For centuries the quest for the Jesus of history continued. The enlightenment of the 18th and 19th centuries saw a particularly strong uptick of scholarly interest in the hunt, with a desire to poke holes in the claims of the Bible about Jesus’ supposed supernatural power. Names such as Heinrich Paulus, Herman Reimarus and Ernest Renan (to name just a few) became hugely popular with various theories on the “truth” of Jesus – from hallucinations of the resurrection to the famous “stolen body” theory.

However, famed polymath Albert Schweizer (yes, the same ‘jungle doctor’) undermined centuries of historical research with his dynamite A History of the Quest for the Historical Jesus, pointing out that almost all “questors” had approached their work with a “projection of the ethical ideal”. Thus concluded the “first quest”.

The “No Quest” and Second Quest

A period dubbed the “no quest” followed (falling roughly between the two World Wars) led by “theological giant” Rudulph Bultmann, who argued that the “Jesus of faith was more important to Christianity than the Jesus of history”.  

However, this slightly defeatist stance shifted when ​​in 1953 German scholar Ernst Kasemann gave his lecture The Problem With The Historical Jesus. Kasemann questioned the teachings of the church and how it compared with the Jesus of history. The “new quest” (second quest) had begun.

Infamously, the ‘criterion of dissimilarity’ was devised during this period. John Dickson explains;

“The criterion of double dissimilarity states that only things in the Gospels that are different from both Judaism, on the one hand, and the early Christian church, on the other, can be confidently said to have come from Jesus.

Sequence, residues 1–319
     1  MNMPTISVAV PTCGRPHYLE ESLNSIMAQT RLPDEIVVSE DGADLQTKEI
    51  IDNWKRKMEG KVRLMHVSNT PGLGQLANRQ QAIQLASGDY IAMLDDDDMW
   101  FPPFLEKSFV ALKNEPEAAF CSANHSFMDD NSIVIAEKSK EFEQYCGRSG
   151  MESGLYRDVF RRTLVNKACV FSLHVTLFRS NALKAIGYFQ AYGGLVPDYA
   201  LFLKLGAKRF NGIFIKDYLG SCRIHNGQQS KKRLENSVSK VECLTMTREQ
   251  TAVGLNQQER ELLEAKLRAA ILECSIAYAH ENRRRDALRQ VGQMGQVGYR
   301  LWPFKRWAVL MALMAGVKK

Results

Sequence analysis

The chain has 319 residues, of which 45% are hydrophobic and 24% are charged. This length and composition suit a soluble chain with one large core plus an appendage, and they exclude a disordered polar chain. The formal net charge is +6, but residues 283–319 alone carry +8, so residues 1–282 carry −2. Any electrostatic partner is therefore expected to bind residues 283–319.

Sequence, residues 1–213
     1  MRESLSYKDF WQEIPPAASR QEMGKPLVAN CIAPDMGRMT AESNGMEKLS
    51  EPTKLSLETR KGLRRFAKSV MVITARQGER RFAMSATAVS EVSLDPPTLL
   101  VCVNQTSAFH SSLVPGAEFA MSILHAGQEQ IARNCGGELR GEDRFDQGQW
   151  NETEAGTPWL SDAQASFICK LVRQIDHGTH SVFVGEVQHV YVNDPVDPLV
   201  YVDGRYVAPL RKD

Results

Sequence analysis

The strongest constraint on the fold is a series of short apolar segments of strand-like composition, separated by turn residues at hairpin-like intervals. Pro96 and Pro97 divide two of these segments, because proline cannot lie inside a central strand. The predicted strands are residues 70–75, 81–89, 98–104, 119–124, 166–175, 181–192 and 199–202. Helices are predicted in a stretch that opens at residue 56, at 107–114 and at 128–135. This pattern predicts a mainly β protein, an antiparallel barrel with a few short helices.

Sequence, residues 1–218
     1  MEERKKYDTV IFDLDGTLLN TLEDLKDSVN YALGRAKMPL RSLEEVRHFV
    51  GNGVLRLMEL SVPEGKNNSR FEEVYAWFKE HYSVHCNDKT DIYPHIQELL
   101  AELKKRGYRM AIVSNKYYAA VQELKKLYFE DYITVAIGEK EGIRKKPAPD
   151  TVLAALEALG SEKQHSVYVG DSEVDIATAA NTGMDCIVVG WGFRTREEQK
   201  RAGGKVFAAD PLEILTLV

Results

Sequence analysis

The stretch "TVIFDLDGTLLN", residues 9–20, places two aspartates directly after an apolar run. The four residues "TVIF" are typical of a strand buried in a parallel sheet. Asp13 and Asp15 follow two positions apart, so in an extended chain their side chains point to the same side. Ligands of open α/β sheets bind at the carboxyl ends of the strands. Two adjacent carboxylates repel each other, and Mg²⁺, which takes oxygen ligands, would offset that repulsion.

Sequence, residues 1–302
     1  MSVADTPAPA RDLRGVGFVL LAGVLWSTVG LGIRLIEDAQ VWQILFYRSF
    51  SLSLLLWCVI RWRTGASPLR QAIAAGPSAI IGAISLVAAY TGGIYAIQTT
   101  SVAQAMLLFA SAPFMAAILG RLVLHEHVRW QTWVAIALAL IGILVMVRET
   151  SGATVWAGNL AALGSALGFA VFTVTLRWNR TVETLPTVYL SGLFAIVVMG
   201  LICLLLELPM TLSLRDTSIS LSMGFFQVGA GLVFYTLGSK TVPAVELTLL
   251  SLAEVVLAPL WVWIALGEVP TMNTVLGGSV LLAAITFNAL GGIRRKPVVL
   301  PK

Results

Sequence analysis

“The logic went like this: teachings of Jesus with strong parallels in Judaism could easily, so it was thought, be the result of the Gospel writers trying to make Jesus fit with the Jewish culture of their day; and teachings of Jesus with strong parallels in early church practice could be attempts to justify certain ecclesiastical traditions by having Jesus say it first. So, only things that are doubly dissimilar (from Judaism and Christianity) can be said reliably to come from Jesus.

“The famous Last Supper of Jesus obviously has strong affinities with the church’s later Lord’s Supper ritual. It may therefore be an invention designed to ground a later ceremony in the life of Christianity’s founder. It also has a lot in common with the Jewish Passover festival, the high point of the Jewish calendar. Perhaps, then, the Gospels are simply trying to make Jesus sound more Jewish at this point. The Last Supper is thereby called into question by the criterion of dissimilarity.”

This was a logic containing obvious problems (it assumed Jesus’ teachings had minimum impact on his surroundings), and contained anti-semitic undertones (doing away with Jesus’ Jewish context).

“You end up eliminating the context of Jesus,” says Evans.

“Of course, he’s going to sound like other teachers. How can he not? He’s, he’s appealing to the Old Testament and so on and interpretation. He’s engaging Jewish audiences.